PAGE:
The land on which we grow and forage food is a complex ecosystem that supports and sustains us; how we view ourselves in relationship to the land influences how we interact with it. In modern Western culture, land is viewed as something to be owned and used, rather than as an entity in its own right — a member of our community that works with us. This view has also led to the exclusion of people of color and women from access to land. As of 2014, 98% of farmland is owned by white people and 94% of land is operated by white people. The social and economic structures that concentrate land ownership in only a few hands are the same ones that lead to mono-cropping, overuse of pesticides, and soil depletion. Working to change how land is cared for and who has access to it is critical to shaping a more just and equitable future for all.
The Land Access Alliance (LAA) is an emerging nonprofit located in Northeast Minnesota working to reshape how communities value the land where our food comes from, and the people who grow and harvest the food that supports and nourishes our communities. We believe in a just and equitable future that demands us to view land as more than property, and that anyone who wants to care for the land and produce food for their communities should be able to do so.
Land ethic for a sustainable future
Farmers and foragers deeply rooted in place are connected to the land. For generations, farmers have relied on understanding weather, soil, biodiversity and cycles that allow successful food production. In our human history, it is only relatively recently that we started to alter the Earth’s natural cycles so dramatically through technology that allows us to take more from the land than we give back. The impacts of this shift toward high use of pesticides, herbicides, chemical fertilizers, and monocultures are seen in loss of biodiversity, soil depletion, water pollution, and disease.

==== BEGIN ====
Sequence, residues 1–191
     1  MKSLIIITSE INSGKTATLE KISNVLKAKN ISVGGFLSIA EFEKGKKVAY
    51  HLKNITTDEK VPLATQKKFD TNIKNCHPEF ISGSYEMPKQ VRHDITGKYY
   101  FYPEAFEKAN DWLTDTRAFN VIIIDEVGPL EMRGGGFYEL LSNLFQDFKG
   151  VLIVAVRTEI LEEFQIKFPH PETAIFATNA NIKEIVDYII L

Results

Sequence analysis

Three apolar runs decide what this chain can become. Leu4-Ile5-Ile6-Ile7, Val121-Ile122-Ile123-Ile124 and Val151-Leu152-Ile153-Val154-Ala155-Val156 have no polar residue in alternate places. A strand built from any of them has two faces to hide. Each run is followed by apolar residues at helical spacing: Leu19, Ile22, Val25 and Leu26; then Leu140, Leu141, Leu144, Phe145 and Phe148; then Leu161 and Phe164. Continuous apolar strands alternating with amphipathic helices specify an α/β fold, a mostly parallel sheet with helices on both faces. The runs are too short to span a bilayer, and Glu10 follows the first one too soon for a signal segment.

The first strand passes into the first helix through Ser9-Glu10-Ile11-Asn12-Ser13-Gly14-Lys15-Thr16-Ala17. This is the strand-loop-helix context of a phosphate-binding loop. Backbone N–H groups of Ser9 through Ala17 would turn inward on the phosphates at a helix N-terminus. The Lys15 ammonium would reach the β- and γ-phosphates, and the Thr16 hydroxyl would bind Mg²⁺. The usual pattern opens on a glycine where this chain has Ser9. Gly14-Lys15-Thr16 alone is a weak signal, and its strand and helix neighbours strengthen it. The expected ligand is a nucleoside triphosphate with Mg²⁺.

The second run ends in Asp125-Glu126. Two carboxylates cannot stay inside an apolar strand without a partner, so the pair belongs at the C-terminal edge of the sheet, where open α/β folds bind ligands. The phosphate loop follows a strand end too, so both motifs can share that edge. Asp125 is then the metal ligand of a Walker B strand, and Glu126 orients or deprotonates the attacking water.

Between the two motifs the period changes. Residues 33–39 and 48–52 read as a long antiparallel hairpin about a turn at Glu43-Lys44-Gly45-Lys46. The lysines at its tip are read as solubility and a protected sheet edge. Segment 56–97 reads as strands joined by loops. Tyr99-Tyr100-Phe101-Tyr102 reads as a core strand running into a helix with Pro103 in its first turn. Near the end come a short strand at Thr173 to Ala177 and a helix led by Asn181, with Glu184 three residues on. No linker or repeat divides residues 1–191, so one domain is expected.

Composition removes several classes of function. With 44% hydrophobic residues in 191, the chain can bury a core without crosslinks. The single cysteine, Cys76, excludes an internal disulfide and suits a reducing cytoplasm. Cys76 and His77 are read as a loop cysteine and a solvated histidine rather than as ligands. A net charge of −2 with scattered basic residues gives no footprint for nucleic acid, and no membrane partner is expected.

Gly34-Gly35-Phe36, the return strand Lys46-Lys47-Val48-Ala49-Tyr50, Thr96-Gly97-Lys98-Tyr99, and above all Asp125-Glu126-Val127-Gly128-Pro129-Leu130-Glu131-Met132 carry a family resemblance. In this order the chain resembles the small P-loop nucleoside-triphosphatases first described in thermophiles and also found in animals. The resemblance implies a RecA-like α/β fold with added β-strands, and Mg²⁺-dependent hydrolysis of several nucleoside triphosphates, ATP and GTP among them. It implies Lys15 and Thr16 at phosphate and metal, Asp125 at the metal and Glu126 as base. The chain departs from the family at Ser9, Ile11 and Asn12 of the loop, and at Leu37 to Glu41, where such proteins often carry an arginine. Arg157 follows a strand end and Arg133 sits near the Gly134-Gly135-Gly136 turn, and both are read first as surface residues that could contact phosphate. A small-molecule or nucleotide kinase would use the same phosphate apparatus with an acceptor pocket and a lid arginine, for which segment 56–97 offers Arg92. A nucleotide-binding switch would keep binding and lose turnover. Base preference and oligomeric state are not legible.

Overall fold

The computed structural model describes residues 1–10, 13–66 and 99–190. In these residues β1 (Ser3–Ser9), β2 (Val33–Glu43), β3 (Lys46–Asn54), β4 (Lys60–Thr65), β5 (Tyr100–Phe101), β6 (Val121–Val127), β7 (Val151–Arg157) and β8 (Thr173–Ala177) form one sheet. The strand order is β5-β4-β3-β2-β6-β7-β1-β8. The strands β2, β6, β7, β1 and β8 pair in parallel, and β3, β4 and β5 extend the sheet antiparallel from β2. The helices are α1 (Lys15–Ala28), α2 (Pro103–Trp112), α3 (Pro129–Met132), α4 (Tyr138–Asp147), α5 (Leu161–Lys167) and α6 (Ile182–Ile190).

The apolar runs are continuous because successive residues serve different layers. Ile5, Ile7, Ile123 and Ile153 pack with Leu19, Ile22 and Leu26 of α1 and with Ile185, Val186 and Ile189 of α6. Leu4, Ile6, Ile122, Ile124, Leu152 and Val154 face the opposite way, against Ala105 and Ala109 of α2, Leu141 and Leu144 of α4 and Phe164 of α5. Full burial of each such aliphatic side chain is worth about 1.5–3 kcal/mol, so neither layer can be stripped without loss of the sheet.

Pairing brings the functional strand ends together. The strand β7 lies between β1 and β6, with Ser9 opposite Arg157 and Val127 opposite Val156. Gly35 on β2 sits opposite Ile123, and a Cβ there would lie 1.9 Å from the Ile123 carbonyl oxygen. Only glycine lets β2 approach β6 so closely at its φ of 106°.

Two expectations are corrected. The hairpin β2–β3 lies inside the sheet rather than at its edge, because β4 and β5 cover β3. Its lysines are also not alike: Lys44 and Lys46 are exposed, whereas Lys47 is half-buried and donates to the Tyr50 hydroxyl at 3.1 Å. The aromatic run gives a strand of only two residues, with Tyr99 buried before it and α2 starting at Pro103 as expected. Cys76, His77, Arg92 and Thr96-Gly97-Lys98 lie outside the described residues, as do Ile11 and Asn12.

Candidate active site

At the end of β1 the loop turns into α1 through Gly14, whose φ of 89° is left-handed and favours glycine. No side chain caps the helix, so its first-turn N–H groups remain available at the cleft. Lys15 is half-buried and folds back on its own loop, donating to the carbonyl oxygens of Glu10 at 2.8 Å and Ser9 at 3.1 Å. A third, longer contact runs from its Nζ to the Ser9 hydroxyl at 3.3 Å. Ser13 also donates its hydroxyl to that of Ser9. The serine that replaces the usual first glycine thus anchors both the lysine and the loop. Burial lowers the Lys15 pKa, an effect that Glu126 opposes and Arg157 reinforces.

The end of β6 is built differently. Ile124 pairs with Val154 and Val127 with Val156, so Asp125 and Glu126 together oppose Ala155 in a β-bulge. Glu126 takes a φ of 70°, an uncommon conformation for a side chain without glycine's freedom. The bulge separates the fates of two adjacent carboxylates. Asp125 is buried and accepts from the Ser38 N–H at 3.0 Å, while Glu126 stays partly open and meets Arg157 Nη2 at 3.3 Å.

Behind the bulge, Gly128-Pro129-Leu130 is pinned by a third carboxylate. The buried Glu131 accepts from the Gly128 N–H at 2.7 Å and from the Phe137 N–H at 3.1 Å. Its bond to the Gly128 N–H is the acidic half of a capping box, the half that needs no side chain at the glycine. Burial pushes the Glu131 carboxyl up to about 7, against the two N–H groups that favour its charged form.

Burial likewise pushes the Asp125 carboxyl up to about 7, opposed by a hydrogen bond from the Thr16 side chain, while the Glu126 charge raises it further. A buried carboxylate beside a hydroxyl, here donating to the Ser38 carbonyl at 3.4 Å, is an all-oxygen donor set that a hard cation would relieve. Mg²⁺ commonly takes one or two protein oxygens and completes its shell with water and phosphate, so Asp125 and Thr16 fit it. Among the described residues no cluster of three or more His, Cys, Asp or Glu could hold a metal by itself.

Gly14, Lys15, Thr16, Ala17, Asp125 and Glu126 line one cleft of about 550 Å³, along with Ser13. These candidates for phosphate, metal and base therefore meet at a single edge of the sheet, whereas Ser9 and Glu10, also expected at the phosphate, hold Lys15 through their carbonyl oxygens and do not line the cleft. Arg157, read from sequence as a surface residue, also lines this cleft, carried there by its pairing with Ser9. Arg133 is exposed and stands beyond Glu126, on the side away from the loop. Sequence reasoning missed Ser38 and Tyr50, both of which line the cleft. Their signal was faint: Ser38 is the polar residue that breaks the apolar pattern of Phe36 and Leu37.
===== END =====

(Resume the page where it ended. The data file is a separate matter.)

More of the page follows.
However, there is a better way! Producing food through a deep connection with the Earth and ecosystems goes hand-in-hand with empathy and respect for people and the world we live in. We can work with the natural world rather than against it, and this starts with how we view ourselves in relationship with the land. If we engage with land as more than property to be owned and do with as we please, we will fundamentally shift a paradigm rooted in oppression. We will begin to see the land as part of our community — a community member that we care for, listen to and respect — and we will change how we interact with it.
Part of the change that is necessary is about who has access to farmland. As I mentioned earlier, 98% of farmland in America is owned by white people who are mostly male. Land is now tied closely to personal and family wealth, and land prices — especially near our large urban areas — are becoming inaccessible to many people. Black, Indigenous and People of Color (BIPOC) communities, women, and impoverished people have been excluded from land ownership throughout our country’s history through colonial exploitation, land theft and enslavement that led to racially discriminatory laws, prohibitive lending practices, and inaccessible land financing
When we consider the 9 planetary boundaries, providing access to land and a means to build personal and community wealth is the foundation for a just and sustainable food system. We need people willing to farm in a knowledgeable, caring and regenerative way, and we need to ensure that anyone who wants to participate in this way is able to!
Creating just and sustainable farming and foraging opportunities to support our food system is long term work done by many. The Land Access Alliance is committed to being part of this movement. We are a woman-led organization that focuses on getting women, BIPOC and landless farmers and foragers access to land in our region.
LAA is dedicated to community engagement, systems change and a just and sustainable future. Our work includes lifting up and working collaboratively with the great work being done by others, listening to community needs, making space for land as a community member and asking questions with an open and inquisitive mind. Our mission is to create land access opportunities for farmers and foragers for fair and just participation in our local food system. Gathering land, sharing community, restoring trust.